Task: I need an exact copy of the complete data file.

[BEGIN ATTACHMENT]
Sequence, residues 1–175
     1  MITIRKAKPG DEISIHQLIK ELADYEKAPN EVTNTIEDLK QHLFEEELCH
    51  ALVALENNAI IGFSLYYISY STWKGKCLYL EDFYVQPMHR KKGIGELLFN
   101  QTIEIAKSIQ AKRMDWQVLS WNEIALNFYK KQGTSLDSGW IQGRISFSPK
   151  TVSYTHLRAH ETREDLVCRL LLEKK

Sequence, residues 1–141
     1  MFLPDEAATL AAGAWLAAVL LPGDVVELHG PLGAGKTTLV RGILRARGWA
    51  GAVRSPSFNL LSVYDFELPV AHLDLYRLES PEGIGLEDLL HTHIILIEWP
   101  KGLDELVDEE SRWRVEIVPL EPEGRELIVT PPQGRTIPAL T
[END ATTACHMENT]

Sequence, residues 1–175
     1  MITIRKAKPG DEISIHQLIK ELADYEKAPN EVTNTIEDLK QHLFEEELCH
    51  ALVALENNAI IGFSLYYISY STWKGKCLYL EDFYVQPMHR KKGIGELLFN
   101  QTIEIAKSIQ AKRMDWQVLS WNEIALNFYK KQGTSLDSGW IQGRISFSPK
   151  TVSYTHLRAH ETREDLVCRL LLEKK

Sequence, residues 1–141
     1  MFLPDEAATL AAGAWLAAVL LPGDVVELHG PLGAGKTTLV RGILRARGWA
    51  GAVRSPSFNL LSVYDFELPV AHLDLYRLES PEGIGLEDLL HTHIILIEWP
   101  KGLDELVDEE SRWRVEIVPL EPEGRELIVT PPQGRTIPAL T